Black bear facts and tips for getting along with bears

EAU CLAIRE, Wis. — Ursus americanus, the American black bear, is a large and exciting creature. It can swim and climb trees with ease, smell food a quarter mile away and reach a bursting speed of 30 mph when charging or fleeing.

An adult black bear can kill a hunting dog with a single swipe from one of its powerful forearms. Fortunately, bears don’t think of humans as food. Mostly people make them nervous and they shy away from humans.

But when people feed bears – even if unintentionally, as with bird feeders – they increase the odds of something going wrong. For this reason, a 2007 law requires that people cease feeding other animals, like birds or deer, if a bear has visited the feeding sites.

Bears don’t see that well and their hearing is just okay. It’s their powerful sense of smell that guides them, and it’s the bear’s nose that can get it in trouble. Although bears don’t like being around people, they love people food and they have a special weakness for sweets.

“Never underestimate a bear’s sense of smell,” said Mike Gappa, a retired DNR wildlife biologist and bear researcher.

An empty candy bar wrapper in a camper’s tent can attract a bear from hundreds of yards away, Gappa said.

People who regularly camp in bear country know the drill. They prepare food a good distance from their tents. They keep dishes and cooking utensils clean. All food, and anything sweet smelling, like toothpaste, is either stored in a bear-proof container far from camp, or is suspended from high tree limbs with two ropes to prevent a bear from reeling it in.

In the early 1980s, there were fewer bears in Wisconsin, around 5,000, nearly all of them north of north of State highway 64. With the advent of tightly controlled hunting their numbers have grown dramatically and their range is expanding. A recent study puts the current population at about 36,000 bears.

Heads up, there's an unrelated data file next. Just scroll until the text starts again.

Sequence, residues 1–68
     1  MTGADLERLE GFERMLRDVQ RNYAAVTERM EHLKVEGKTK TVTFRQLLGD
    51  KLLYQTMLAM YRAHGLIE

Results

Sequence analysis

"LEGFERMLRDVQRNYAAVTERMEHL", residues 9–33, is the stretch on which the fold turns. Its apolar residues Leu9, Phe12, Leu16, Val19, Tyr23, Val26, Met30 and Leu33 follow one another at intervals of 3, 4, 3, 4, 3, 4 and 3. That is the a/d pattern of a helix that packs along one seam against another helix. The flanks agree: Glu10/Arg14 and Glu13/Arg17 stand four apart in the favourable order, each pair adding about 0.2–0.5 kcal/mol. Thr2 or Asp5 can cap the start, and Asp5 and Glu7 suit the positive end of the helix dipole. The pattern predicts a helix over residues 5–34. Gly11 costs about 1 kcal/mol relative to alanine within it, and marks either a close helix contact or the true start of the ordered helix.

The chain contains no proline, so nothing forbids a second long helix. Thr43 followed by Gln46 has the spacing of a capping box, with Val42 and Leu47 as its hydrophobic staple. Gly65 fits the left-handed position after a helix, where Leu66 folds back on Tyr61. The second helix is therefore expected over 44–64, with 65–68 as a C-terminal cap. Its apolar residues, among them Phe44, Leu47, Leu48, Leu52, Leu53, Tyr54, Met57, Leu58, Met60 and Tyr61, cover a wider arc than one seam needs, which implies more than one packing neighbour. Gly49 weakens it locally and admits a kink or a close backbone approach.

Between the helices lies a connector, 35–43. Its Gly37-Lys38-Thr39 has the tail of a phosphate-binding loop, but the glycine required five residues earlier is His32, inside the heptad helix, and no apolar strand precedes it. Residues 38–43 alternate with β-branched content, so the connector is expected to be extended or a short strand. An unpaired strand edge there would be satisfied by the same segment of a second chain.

Bear country is moving south and folks who have never had to think about living near bears now have that opportunity. Getting along with bears, Gappa said, is primarily a matter of common sense. Here are some tips:

* Take bird feeders down in mid April and wait until late fall to put them out again. Otherwise keep feeders at least 10 feet off the ground and five feet away from a tree trunk, suspended perhaps from a limb too thin to support a bear. If you see a bear near the feeders or evidence of a bear, remove the feeders and wait at least a month before replacing them. That’s the law.
* Keep garbage cans tightly closed and locked inside a garage or other structure at night. Occasionally clean garbage cans with ammonia. Consider using a commercially available bear-resistant container.
* Bring pet food inside at night.
* Keep outdoor grills clean, and if a bear comes around, keep the grill stored inside.
* Keep compost piles a safe distance from the home. Do not compost meat, fish or other pungent scraps.
* If hiking in bear country, be especially alert at dawn and dusk. Keep children and pets close. Make plenty of noise. Rustle the leaves. The human voice carries far in the woods, so have a nice conversation or try singing a song. You get extra points if you sing in key.

Damage or nuisance complaints about bears, wolves and birds are answered by Wildlife Services, a division of the U.S. Department of Agriculture. The toll free number in Wisconsin is 800- 433-0663 for problems south of Waupun and 1-800-228-1368, the Rhinelander office, for problems in northern Wisconsin.p>

www.dnr.state.wi.us/news/weekly.asp

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